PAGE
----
Nutrition is the major intrauterine environmental factor that alters expression of the fetal genome and may have lifelong consequences. This phenomenon, termed "fetal programming," has led to the recent theory of "fetal origins of adult disease." Namely, alterations in fetal nutrition and endocrine status may result in developmental adaptations that permanently change the structure, physiology, and metabolism of the offspring, thereby predisposing individuals to metabolic, endocrine, and cardiovascular diseases in adult life. Animal studies show that both maternal undernutrition and overnutrition reduce placental-fetal blood flows and stunt fetal growth. Impaired placental syntheses of nitric oxide (a major vasodilator and angiogenesis factor) and polyamines (key regulators of DNA and protein synthesis) may provide a unified explanation for intrauterine growth retardation in response to the 2 extremes of nutritional problems with the same pregnancy outcome. There is growing evidence that maternal nutritional status can alter the epigenetic state (stable alterations of gene expression through DNA methylation and histone modifications) of the fetal genome. This may provide a molecular mechanism for the impact of maternal nutrition on both fetal programming and genomic imprinting. Promoting optimal nutrition will not only ensure optimal fetal development, but will also reduce the risk of chronic diseases in adults.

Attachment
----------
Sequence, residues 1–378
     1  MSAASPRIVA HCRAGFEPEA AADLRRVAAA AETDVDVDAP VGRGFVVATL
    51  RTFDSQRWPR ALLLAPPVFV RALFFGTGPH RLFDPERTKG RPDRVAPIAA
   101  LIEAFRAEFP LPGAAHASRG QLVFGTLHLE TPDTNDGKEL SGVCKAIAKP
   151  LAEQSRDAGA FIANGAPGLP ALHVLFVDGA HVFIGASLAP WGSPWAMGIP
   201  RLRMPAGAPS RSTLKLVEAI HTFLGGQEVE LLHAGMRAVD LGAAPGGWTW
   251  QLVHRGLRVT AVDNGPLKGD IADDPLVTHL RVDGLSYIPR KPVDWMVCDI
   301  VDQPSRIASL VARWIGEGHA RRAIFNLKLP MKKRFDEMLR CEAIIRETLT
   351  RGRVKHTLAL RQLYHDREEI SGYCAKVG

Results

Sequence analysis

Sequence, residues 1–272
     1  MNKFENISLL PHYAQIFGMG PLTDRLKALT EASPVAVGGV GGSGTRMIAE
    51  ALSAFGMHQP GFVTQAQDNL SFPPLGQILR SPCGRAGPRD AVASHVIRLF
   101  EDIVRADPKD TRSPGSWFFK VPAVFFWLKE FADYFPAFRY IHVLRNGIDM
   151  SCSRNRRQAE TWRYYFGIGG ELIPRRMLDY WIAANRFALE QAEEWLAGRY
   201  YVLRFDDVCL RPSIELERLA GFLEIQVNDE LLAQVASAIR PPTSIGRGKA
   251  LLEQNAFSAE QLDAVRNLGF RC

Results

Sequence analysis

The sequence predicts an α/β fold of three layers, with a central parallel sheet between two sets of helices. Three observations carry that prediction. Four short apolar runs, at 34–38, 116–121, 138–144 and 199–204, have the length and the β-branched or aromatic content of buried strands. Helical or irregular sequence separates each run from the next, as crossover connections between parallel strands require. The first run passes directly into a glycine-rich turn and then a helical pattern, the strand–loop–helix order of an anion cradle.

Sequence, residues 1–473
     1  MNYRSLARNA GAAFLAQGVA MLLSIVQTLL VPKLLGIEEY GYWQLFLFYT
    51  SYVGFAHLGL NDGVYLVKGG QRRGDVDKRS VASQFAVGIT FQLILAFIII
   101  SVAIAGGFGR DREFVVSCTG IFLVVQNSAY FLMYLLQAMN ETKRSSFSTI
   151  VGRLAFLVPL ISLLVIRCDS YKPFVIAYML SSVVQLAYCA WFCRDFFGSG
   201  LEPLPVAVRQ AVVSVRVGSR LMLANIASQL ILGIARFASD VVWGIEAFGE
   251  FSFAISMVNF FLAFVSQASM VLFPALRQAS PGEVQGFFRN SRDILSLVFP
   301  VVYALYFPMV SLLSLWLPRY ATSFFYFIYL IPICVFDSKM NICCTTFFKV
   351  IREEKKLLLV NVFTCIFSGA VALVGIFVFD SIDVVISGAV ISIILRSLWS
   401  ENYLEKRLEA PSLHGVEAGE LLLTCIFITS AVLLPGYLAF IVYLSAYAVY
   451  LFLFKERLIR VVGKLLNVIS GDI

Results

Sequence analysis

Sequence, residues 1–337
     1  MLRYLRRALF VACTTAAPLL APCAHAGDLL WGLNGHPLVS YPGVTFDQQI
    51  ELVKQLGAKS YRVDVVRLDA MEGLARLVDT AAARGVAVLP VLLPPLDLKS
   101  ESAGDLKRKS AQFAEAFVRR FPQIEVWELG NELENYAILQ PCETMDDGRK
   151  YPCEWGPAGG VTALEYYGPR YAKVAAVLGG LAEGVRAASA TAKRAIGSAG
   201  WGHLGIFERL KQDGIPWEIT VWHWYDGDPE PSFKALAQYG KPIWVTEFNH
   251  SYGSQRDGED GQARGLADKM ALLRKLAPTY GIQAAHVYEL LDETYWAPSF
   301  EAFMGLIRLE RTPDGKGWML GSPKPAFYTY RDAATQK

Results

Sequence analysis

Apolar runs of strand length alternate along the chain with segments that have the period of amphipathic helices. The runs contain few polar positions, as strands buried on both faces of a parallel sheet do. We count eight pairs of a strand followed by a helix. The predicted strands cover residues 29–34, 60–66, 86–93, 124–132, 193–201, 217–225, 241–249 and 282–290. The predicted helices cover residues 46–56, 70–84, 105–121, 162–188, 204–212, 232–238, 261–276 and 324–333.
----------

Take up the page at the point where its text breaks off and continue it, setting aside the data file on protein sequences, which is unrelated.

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            Why is L-glutamine metabolism important to cells of the immune system in health, postinjury, surgery or infection?

             P Newsholme (2001)
            Glutamine is normally considered to be a nonessential amino acid. However, recent studies have provided evidence that glutamine may become "conditionally essential" during inflammatory conditions such as infection and injury. It is now well documented that under appropriate conditions, glutamine is essential for cell proliferation, that it can act as a respiratory fuel and that it can enhance the function of stimulated immune cells. Studies thus far have determined the effect of extracellular glutamine concentration on lymphocyte proliferation and cytokine production, macrophage phagocytic plus secretory activities and neutrophil bacterial killing. Other cells of the immune system remain to be studied. The high rate of glutamine utilization and its importance to the function of lymphocytes, macrophages and neutrophils have raised the question "why glutamine?" because these cells have access to a variety of metabolic fuels both in vivo and in vitro. I have attempted to answer this question in this article. Additionally, knowledge of the rate of utilization and the pathway of metabolism of glutamine by cells of the immune system raises some intriguing questions concerning therapeutic manipulation of utilization of this amino acid such that the proliferative, phagocytic and secretory capacities of cells of the defense system may be beneficially altered. Evidence to support the hypothesis that glutamine is beneficially immunomodulatory in animal models of infection and trauma, as well as trauma in humans, is provided.